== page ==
On one of my trips to Pakistan I visited Asia’s largest scrap market, located in Lahore. It’s called Misri Shah
of this city of 10 million people. It was an unforgettable experience for me. There are several thousand merchants in an area with a circumference of about 2 km. For someone from the West like me, it appears to be a complete inferno here. The roads are narrow so two cars have difficulty when they meet. The small workshop owner comes here with a donkey and cart, while others arrive with wheelbarrows. The traffic flows reasonably until a large truck enters the site, which happens frequently. There is chaos for about 20 minutes but then everything goes back to normal. I get a bit nervous when the car I am in meets a small truck with ten tons of sheet metal on the back, two metres wide, secured with just a rope round the bottom.
Most of the businesses here sell used parts brought in by large importers of scrap steel. A lot of material has been smuggled in from Afghanistan. This purchased scrap is sorted and processed. It’s the most genuine form of recycling you’ll ever see, although it does look rather pathetic to see men beating small pieces of steel to make them marketable. A lot of people have been killed over the years disarming military scrap from war-torn Afghanistan.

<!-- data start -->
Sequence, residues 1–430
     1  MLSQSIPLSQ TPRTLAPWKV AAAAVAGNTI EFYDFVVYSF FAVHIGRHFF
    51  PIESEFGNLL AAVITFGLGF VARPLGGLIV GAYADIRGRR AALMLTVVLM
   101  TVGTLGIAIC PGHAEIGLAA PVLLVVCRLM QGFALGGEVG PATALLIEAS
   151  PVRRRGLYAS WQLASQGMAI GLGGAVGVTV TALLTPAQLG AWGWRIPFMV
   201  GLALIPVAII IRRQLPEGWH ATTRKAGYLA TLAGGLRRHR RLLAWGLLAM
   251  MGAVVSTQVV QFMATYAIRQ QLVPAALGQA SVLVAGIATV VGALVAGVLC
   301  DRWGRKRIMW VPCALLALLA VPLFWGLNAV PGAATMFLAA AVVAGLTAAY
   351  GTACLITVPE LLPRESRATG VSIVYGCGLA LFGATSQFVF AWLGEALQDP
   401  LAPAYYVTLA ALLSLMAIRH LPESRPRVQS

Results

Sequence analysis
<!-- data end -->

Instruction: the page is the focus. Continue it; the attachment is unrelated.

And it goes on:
Some steel mills have sales depots on the site. They bring in 12 metres of reinforcement iron, for example, and cut it up into small pieces to sell it. Everything is done by hand. There are no trucks or cranes. At one of the bigger companies I am given an honourable welcome by one of the uniformed guards outside the door, who comes to attention with his machine gun and salutes me.
Following an intensive day it’s nice to go back to the hotel in the city. The uniformed guard remembers me so this time I don’t need to pass through the metal detector.
Per Malmer, chairman of the board